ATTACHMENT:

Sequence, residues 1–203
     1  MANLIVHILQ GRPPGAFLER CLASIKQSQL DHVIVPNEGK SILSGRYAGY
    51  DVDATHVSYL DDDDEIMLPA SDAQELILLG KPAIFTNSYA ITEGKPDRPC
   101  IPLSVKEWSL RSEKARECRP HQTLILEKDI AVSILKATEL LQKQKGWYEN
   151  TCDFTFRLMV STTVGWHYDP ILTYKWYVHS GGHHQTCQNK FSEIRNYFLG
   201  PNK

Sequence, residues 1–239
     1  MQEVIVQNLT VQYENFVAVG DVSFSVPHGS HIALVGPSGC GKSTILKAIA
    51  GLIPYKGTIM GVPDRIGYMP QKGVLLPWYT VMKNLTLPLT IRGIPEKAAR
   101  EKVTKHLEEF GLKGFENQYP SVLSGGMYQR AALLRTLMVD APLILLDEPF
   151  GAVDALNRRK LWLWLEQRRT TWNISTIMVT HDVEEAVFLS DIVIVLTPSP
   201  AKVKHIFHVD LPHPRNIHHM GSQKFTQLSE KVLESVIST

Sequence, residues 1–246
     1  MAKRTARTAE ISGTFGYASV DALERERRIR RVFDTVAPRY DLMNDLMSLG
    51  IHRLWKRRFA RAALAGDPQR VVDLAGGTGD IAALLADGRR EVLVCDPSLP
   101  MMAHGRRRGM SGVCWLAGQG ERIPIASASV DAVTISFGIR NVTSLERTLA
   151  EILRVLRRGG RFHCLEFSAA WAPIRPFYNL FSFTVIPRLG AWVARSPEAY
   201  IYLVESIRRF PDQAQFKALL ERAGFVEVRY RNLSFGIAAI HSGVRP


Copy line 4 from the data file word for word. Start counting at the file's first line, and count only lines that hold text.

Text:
   101  IPLSVKEWSL RSEKARECRP HQTLILEKDI AVSILKATEL LQKQKGWYEN